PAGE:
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01.03.2012 | Original Contribution | Ausgabe 2/2012

Basic Research in Cardiology 2/2012

Identification of inducible nitric oxide synthase in peripheral blood cells as a mediator of myocardial ischemia/reperfusion injury

Zeitschrift:
Basic Research in Cardiology > Ausgabe 2/2012
Autoren:
Yiru Guo, Santosh K. Sanganalmath, Wenjian Wu, Xiaoping Zhu, Yiming Huang, Wei Tan, Suzanne T. Ildstad, Qianhong Li, Roberto Bolli

Abstract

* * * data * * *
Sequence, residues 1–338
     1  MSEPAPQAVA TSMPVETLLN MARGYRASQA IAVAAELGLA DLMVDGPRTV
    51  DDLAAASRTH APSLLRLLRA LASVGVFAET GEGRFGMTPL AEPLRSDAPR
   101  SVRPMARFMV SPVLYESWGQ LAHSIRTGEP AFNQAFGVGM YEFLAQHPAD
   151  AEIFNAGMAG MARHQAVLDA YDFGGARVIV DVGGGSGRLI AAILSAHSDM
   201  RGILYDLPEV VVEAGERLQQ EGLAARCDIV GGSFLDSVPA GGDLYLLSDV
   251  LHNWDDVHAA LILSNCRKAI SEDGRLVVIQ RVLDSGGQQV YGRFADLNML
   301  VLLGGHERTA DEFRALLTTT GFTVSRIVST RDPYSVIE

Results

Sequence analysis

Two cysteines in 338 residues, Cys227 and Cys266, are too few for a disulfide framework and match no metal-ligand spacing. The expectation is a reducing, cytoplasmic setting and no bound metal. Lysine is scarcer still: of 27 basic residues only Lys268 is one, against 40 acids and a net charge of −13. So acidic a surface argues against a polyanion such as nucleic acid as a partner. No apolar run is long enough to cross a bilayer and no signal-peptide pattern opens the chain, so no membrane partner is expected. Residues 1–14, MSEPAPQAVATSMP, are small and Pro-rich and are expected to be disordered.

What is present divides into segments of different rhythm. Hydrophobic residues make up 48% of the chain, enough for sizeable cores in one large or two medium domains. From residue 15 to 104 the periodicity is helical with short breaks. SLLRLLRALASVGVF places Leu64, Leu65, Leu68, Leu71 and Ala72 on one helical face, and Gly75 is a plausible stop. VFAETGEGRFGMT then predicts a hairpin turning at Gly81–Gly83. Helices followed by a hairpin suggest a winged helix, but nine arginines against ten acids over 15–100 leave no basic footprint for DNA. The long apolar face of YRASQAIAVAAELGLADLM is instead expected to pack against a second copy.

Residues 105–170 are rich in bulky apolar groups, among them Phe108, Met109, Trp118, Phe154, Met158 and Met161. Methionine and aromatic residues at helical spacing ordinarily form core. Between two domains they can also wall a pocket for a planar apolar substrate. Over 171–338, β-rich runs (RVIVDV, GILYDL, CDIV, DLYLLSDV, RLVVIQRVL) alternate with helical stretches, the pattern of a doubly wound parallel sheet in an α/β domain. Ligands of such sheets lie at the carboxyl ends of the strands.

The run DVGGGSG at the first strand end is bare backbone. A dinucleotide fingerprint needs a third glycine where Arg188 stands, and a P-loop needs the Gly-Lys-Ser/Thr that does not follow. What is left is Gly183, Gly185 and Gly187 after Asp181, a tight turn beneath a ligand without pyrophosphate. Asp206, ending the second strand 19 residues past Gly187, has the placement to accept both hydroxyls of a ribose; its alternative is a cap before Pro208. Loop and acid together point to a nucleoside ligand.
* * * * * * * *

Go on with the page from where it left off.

Although the late phase of ischemic preconditioning is known to be mediated by increased inducible nitric oxide synthase (iNOS) activity, controversy persists regarding the role of iNOS in ischemia/reperfusion (I/R) injury and, specifically, whether this protein is protective or detrimental. We hypothesized that iNOS is protective in myocytes but detrimental in inflammatory cells. To test this hypothesis, we created chimeric mice with iNOS-deficient peripheral blood cells by transplanting iNOS knockout (KO) bone marrow in wild-type (WT) mice after lethal irradiation. 2 months later, the mice underwent a 30-min coronary occlusion followed by 24 h of reperfusion. In WT naïve mice (iNOS+/+ naïve; group I, n = 17), infarct size was 56.9 ± 2.8% of the risk region. In iNOS KO naïve mice with whole-body iNOS deletion (iNOS−/− naïve; group II, n = 10), infarct size was comparable to group I (53.4 ± 3.5%). When irradiated WT mice received marrow from WT mice (iNOS+/+ chimera; group III, n = 10), infarct size was slightly reduced versus group I (44.3 ± 3.2%), indicating that irradiation and/or transplantation slightly decrease I/R injury. However, when WT mice received marrow from iNOS KO mice (iNOS−/− chimera; group IV, n = 14), infarct size was profoundly reduced (22.8 ± 2.1%, P < 0.05 vs. group III), indicating that selective deletion of iNOS from peripheral blood cells (with no change in myocardial iNOS content) induces protection against myocardial infarction. Together with our previous work showing the cardioprotective actions of NO donors, iNOS gene therapy, and cardiac-specific overexpression of iNOS, these data support a complex, dual role of iNOS in myocardial infarction (i.e., protective in myocytes but deleterious in blood cells). To our knowledge, this is the first study to identify a critical role of iNOS in peripheral blood cells as a mediator of myocardial I/R injury. The results support heretofore unknown differential actions of iNOS depending on cell source and have important translational implications.

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